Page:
After the 1912 presidential election, the victorious Woodrow Wilson was approached by a Democratic Party stalwart who had worked tirelessly for Wilson’s triumph. Sensing a request for a favor, the president-elect shut the job-seeker down: “Remember that God ordained that I should be the next president of the United States. Neither you nor any other mortal or mortals could have prevented this.” Wilson may have been thinking of Romans 14:1 when lecturing the man.The problem was that the new president was beginning to confuse his own interests for God’s.
In Woodrow Wilson: Ruling Elder and Spiritual President, Prof. Barry Hankins argues that Wilson was among our most religious presidents. As professional and political success came his way, however, he had shed the biblical doctrines he had pledged to uphold when ordained a Ruling Elder at Second Presbyterian Church in Princeton, NJ in 1897. By the time Mr. Wilson was inaugurated president of the United States in 1913, he was running on pride. Since God ordained his presidency, Wilson reasoned, his political agenda must likewise be of divine origin.
What had happened to the boy who accepted Christ in 1873? In a nutshell, his desire to be a world-class statesman lured him away from the doctrines of grace. Yes, he always identified as a Christian, going so far as to make an audacious statement that would land him deep manure today:
“There is a mighty task before us and it welds us together. It is to make the United States a mighty Christian Nation, and to Christianize the world.”
It never happened and the former president-and Ruling Elder-died a broken and bitter man. There is also a spiritual Lesson here: knowing and remembering doctrine is not optional.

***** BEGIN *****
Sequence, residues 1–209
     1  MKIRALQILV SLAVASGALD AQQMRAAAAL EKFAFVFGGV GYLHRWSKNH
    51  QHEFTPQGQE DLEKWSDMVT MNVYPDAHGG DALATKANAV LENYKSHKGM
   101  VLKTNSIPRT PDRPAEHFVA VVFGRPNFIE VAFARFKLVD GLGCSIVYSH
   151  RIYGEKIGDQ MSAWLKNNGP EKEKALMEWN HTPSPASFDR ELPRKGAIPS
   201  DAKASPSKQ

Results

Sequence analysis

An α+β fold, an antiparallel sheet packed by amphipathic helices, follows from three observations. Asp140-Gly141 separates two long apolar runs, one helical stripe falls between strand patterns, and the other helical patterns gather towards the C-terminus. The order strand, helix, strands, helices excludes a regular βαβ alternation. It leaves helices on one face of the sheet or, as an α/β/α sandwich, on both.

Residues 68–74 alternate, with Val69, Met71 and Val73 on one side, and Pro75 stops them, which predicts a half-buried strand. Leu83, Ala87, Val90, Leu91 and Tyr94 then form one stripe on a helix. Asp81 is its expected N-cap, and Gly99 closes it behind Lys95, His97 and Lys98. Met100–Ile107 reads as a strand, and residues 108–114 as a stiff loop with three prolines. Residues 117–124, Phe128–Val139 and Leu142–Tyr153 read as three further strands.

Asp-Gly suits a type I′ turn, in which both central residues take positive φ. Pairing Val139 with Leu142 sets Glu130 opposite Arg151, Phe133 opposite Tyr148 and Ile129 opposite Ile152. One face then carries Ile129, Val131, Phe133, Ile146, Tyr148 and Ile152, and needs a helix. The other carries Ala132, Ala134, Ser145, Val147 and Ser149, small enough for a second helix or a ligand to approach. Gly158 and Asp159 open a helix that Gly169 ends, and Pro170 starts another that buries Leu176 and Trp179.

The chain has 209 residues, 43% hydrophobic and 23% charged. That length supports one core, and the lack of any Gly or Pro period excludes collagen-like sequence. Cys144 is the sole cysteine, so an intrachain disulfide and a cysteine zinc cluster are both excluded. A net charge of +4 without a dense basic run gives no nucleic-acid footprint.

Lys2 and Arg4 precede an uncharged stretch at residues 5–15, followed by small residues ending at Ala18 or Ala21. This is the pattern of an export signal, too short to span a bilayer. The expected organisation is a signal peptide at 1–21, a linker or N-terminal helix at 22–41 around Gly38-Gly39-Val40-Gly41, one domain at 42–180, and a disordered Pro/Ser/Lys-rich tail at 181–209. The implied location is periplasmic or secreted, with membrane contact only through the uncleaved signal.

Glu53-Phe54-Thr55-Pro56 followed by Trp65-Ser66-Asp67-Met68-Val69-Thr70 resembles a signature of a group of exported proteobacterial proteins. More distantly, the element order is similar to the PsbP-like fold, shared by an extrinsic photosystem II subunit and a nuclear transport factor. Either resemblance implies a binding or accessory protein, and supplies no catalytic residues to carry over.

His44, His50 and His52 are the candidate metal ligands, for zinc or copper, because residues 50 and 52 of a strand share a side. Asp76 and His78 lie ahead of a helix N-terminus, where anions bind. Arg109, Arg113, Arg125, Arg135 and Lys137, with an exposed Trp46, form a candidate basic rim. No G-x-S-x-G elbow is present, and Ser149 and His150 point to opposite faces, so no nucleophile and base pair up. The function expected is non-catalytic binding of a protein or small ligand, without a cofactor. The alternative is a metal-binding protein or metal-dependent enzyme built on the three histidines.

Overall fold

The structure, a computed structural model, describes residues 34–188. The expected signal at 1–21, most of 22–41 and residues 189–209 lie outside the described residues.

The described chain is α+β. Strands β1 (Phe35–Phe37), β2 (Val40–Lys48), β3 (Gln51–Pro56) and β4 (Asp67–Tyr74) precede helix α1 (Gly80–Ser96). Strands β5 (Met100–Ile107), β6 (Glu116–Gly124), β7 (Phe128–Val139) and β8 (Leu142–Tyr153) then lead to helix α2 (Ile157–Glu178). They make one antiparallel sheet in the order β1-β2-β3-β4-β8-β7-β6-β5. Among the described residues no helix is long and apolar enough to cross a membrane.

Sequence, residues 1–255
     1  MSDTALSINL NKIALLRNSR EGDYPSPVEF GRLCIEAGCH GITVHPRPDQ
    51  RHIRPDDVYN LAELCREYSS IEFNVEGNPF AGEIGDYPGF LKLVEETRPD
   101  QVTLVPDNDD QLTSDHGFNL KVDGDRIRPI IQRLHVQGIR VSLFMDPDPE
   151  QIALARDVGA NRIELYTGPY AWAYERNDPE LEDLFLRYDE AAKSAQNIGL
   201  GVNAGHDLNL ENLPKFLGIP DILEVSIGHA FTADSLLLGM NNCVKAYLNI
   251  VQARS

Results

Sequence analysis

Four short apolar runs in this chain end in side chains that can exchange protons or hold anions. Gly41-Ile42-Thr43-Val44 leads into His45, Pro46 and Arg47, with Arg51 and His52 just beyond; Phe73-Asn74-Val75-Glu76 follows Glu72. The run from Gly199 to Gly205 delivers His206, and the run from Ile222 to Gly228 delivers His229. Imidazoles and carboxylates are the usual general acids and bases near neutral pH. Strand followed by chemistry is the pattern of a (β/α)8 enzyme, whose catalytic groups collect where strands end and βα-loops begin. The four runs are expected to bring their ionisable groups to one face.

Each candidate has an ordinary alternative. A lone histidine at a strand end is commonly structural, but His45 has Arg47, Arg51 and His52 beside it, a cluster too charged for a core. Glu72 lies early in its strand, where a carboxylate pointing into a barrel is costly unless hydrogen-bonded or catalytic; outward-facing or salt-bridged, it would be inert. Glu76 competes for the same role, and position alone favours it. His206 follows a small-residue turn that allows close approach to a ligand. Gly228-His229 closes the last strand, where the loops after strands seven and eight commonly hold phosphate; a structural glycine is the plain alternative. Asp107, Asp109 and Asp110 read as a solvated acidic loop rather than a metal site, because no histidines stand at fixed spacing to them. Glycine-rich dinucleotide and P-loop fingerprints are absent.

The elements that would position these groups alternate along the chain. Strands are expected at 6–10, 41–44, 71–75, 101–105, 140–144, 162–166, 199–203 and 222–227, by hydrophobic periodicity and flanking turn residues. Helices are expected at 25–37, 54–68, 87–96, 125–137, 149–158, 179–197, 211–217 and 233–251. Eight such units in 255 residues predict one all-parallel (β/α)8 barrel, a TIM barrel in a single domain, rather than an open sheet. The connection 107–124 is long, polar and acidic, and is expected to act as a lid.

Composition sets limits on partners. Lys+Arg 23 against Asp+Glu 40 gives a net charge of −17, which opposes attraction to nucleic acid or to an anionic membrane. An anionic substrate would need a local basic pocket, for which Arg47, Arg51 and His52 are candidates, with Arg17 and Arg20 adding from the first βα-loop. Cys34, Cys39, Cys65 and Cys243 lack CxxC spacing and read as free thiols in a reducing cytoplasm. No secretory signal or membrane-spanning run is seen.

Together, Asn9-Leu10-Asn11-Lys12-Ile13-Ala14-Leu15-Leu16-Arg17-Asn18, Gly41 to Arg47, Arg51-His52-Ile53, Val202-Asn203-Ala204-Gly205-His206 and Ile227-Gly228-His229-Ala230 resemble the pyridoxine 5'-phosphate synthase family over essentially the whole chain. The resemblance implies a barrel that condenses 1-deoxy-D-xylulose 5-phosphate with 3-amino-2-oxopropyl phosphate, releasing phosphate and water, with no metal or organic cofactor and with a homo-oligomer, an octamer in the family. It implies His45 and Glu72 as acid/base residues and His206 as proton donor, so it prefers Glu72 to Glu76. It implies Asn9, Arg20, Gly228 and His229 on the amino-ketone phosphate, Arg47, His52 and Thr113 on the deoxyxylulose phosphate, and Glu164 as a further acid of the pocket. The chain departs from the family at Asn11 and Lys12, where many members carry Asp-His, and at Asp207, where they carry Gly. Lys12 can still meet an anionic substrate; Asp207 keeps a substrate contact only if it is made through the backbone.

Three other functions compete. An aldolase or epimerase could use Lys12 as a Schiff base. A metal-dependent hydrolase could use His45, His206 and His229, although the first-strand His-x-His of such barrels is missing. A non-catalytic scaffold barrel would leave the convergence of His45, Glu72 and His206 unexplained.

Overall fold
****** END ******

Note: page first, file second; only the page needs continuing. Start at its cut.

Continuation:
Yes, doctrine can seem like a dry and heavy subject, sometimes hard to sort out and apply. Yet often we avoid doctrine because it does not give us the thrill of an intense worship service or of a stirring testimony. Examining doctrine is like being forced to eat our spinach. Still, spinach is chock full of vitamins…and so is right doctrine.
Firstly, understanding biblical doctrine wards off the consequences of false teaching. The apostle Paul told Timothy:
“If anyone teaches otherwise and does not agree to the sound instruction of our Lord Jesus Christ and to godly teaching, they are conceited and understand nothing. They have an unhealthy interest in controversies and quarrels about words that result in envy, strife, malicious talk, evil suspicions and constant friction between people ofcorrupt mind, who have been robbed of the truth and who think that godliness is a means to financial gain.” (1Timothy 6: 3-5)
Secondly, doctrine teaches us about God. How can we relate to him if we know little about Him? British pastor Stephen Rees wrote in Banner of Truth:
“…if we love God, we’ll want to know all about him – about his nature, his character, his purposes, his commandments; about the work he’s doing in the world, about his work in saving people, about his plans for the future. In other words we’ll want to study ‘doctrine’.”
Finally (but not exhaustively), proclaiming God’s mercy in Jesus requires explaining. The apostle Peter reminds us to Always be prepared to give an answer to everyone who asks you to give the reason for the hope that you have.” (1 Peter 3: 15)
No, we should never elevate doctrine above the commandments to love, serve and glorify Jesus. Without sound doctrine, nevertheless, our good works can be an occasion for pride. At best they can leave the wrong impression. Consider the impression left by the Presbyterian Elder Woodrow Wilson when he addressed the Paris Peace Conference after World War I:
“Why has Jesus Christ so far not succeeded in inducing the world to follow His teachings in these matters? It is because He taught the ideal without devising any practical means of attaining it. That is the reason why I am proposing a practical scheme to carry out His aims.”
After days of hearing the roaring approval of Parisian crowds, the best of us could fall victim to this kind of conceit. Unless, that is, we hold fast to sound doctrine.
John Gregory
Elder